Expert 2.5K+ P: 3,652 OK, I figured out the problem has to be in my createTree and insert functions. Here is what they are as of today: Expand|Select|Wrap|Line Numbers void createTree(TreeNode **node) {     cout << "Entering createTree..." << endl;     (*node) = new TreeNode;     (*node)->data = rand() % 50;     for (int i = 1; i < MAX_SIZE; i++)         insert(*node, rand() % 50); }   void insert(TreeNode *temp, int obj) {     cout << "Entering insert with obj = " << obj << endl;     if (temp == NULL) {         temp = new TreeNode;         temp->data = obj;     } else {         cout << "temp->data = " << temp->data << endl;         if (temp->data < obj)             insert(temp->right, obj);         else if (obj < temp->data)             insert(temp->left, obj);         else             ;     } } Now, I'm looking in my book (Data Structures and Algorithm Analysis in C++, Mark Allen Weiss), and the insert function is pretty much letter-for-letter copied. But my 'debugging' cout statements indicate that neither tree ever grows - they always consist only of the original int given to the root. This is due Thursday...really appreciate everyone's help so far. Sep 25 '07 #10

 Expert 100+ P: 1,764 OK, I figured out the problem has to be in my createTree and insert functions. Here is what they are as of today: Expand|Select|Wrap|Line Numbers void createTree(TreeNode **node) {     cout << "Entering createTree..." << endl;     (*node) = new TreeNode;     (*node)->data = rand() % 50;     for (int i = 1; i < MAX_SIZE; i++)         insert(*node, rand() % 50); }   void insert(TreeNode *temp, int obj) {     cout << "Entering insert with obj = " << obj << endl;     if (temp == NULL) {         temp = new TreeNode;         temp->data = obj;     } else {         cout << "temp->data = " << temp->data << endl;         if (temp->data < obj)             insert(temp->right, obj);         else if (obj < temp->data)             insert(temp->left, obj);         else             ;     } } Now, I'm looking in my book (Data Structures and Algorithm Analysis in C++, Mark Allen Weiss), and the insert function is pretty much letter-for-letter copied. But my 'debugging' cout statements indicate that neither tree ever grows - they always consist only of the original int given to the root. This is due Thursday...really appreciate everyone's help so far. I think that your problem is in create function.You need to initialize in it left and right to NULL. I tried it with VC 2005.NET with this added and it worked perfectly. Savage Sep 25 '07 #11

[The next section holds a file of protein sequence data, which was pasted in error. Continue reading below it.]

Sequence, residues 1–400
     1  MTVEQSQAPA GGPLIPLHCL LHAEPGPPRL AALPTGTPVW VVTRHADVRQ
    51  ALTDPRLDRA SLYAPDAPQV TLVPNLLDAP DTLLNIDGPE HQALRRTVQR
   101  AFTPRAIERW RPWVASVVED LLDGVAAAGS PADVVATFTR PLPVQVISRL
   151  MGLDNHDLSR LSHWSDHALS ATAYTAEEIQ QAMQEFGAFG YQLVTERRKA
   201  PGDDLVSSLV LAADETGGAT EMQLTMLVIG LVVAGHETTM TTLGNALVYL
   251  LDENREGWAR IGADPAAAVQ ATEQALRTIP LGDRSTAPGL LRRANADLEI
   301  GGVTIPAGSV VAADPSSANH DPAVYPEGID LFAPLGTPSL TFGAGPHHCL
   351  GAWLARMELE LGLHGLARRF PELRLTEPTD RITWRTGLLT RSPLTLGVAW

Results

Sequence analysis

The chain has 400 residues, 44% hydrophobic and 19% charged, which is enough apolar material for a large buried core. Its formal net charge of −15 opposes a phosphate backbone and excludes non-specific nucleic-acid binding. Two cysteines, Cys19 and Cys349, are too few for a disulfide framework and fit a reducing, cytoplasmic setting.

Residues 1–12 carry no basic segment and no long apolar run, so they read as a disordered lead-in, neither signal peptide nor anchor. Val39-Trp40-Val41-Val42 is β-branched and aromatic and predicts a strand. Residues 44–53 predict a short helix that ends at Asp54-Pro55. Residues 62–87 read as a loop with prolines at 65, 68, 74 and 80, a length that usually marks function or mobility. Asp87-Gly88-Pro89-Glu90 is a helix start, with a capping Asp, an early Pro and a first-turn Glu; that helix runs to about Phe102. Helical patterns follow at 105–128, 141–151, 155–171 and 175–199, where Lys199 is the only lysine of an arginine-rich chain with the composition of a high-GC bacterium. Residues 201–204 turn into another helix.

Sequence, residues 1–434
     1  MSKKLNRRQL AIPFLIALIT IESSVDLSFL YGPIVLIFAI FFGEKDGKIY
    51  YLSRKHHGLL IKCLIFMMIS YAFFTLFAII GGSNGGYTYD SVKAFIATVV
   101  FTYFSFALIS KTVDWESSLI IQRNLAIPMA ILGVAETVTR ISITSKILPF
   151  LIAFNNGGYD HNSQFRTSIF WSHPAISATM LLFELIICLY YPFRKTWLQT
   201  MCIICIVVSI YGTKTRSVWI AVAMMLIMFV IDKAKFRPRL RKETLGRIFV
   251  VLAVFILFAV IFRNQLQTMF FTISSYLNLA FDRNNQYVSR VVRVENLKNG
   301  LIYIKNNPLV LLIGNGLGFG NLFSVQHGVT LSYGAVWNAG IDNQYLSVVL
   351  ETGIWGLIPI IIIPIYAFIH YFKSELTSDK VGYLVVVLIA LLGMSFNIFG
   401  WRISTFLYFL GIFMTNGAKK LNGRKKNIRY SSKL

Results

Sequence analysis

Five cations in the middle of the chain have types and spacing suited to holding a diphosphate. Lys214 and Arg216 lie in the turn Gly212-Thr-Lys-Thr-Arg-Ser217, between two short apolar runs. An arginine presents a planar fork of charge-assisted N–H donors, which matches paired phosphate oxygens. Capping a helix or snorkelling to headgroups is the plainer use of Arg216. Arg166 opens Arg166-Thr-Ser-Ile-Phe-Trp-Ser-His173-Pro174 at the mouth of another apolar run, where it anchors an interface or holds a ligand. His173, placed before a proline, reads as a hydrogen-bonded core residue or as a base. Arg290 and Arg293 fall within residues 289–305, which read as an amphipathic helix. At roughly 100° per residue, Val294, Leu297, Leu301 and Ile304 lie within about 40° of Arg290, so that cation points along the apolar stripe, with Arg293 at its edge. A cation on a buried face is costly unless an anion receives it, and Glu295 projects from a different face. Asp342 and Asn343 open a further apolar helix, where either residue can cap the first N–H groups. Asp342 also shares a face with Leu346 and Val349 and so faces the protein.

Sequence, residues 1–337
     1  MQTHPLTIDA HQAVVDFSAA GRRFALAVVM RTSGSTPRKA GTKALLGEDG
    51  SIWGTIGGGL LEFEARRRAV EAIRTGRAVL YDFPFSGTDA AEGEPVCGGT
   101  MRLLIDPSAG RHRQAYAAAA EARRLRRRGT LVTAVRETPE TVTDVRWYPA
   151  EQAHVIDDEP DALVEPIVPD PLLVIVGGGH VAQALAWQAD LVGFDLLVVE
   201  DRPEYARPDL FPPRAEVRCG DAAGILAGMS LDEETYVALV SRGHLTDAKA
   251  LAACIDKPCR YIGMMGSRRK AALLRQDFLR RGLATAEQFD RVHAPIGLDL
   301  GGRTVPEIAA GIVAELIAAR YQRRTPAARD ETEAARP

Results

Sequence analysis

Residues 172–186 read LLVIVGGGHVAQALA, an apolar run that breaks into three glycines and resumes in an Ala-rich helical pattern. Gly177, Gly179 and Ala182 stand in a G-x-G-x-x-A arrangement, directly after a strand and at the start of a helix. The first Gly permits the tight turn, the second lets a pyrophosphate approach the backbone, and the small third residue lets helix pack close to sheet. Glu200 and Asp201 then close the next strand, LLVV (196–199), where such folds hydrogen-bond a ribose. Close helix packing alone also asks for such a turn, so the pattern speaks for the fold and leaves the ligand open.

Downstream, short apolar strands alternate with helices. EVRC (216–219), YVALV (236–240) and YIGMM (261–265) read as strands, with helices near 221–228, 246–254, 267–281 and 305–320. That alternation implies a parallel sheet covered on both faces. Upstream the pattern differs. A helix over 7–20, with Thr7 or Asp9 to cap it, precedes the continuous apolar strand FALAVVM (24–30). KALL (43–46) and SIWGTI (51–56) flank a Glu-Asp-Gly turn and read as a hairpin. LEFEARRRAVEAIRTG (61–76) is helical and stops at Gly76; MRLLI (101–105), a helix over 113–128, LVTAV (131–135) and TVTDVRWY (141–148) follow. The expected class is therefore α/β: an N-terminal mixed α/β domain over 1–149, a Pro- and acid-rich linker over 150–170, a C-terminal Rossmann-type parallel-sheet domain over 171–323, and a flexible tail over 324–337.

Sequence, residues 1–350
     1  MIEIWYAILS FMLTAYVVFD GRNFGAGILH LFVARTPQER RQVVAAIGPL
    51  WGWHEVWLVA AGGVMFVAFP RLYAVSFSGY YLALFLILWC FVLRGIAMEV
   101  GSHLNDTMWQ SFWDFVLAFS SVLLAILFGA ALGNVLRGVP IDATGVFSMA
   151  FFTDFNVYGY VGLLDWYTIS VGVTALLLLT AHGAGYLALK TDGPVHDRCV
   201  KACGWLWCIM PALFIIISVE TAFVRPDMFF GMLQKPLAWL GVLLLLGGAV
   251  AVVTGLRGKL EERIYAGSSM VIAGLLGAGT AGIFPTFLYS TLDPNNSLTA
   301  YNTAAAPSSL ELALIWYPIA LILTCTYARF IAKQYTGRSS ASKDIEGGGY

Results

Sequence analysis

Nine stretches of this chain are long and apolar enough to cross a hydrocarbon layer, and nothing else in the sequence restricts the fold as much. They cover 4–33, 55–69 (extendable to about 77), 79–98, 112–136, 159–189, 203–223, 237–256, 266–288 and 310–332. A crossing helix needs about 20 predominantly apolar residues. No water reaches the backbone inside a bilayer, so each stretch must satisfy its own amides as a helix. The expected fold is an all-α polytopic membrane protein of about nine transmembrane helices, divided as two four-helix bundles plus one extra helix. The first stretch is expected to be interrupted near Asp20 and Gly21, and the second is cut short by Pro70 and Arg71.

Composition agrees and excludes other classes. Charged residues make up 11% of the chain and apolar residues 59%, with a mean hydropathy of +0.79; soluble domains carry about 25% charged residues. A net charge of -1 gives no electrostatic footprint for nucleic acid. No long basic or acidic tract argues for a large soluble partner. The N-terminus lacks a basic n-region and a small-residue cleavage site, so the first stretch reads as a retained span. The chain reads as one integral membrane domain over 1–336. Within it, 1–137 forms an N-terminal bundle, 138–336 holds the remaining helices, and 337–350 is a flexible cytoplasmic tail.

Expert 100+ P: 1,764 I think that your problem is in create function.You need to initialize in it left and right to NULL. I tried it with VC 2005.NET with this added and it worked perfectly. Savage Oops just discovered something intriguing:try printing data and obj and see if they match. Savage Sep 25 '07 #12

 Expert 100+ P: 1,764 Oops just discovered something intriguing:try printing data and obj and see if they match. Savage Try making your insert function take a double pointer,because you perform allocation inside it. Savage Sep 25 '07 #13

 Expert 2.5K+ P: 3,652 After making just about everything double pointers, the program finally worked! Thanks a lot, guys. Now, do you think you can give me a hand implementing a set using a Binary Search Tree? I think I'll start a new thread for that one. Sep 25 '07 #14

 Expert 100+ P: 1,764 After making just about everything double pointers, the program finally worked! Thanks a lot, guys. Now, do you think you can give me a hand implementing a set using a Binary Search Tree? I think I'll start a new thread for that one. Will try.. :D Savage Sep 25 '07 #15

 Expert 2.5K+ P: 3,652 Thanks a lot, Savage. Sep 25 '07 #16

 Expert 10K+ P: 11,448 Thanks a lot, Savage. I'm a bit astonished; this thread wasn't about isomorphic trees at all; it was just about a tedious attempt to create a random binary tree with n nodes. The fact that you wanted to construct such a tree by building an ordered (search) tree is just an artefact to construct a random tree. Read up on Donald Knuth's "Searching and Sorting" (volume 3 of his old and famous work), it's filled with theory, proofs and algorithms with just this. kind regards, Jos Sep 25 '07 #17

 P: 1 Ganon11, By any chance are you in Data Structures and Algorithms at RPI? I am working on the exact same problem right now, and i was stuck so i went online to see if i could find some guidance. It sounds like we might be in the same class. : ) ~cherry8707 Sep 26 '07 #18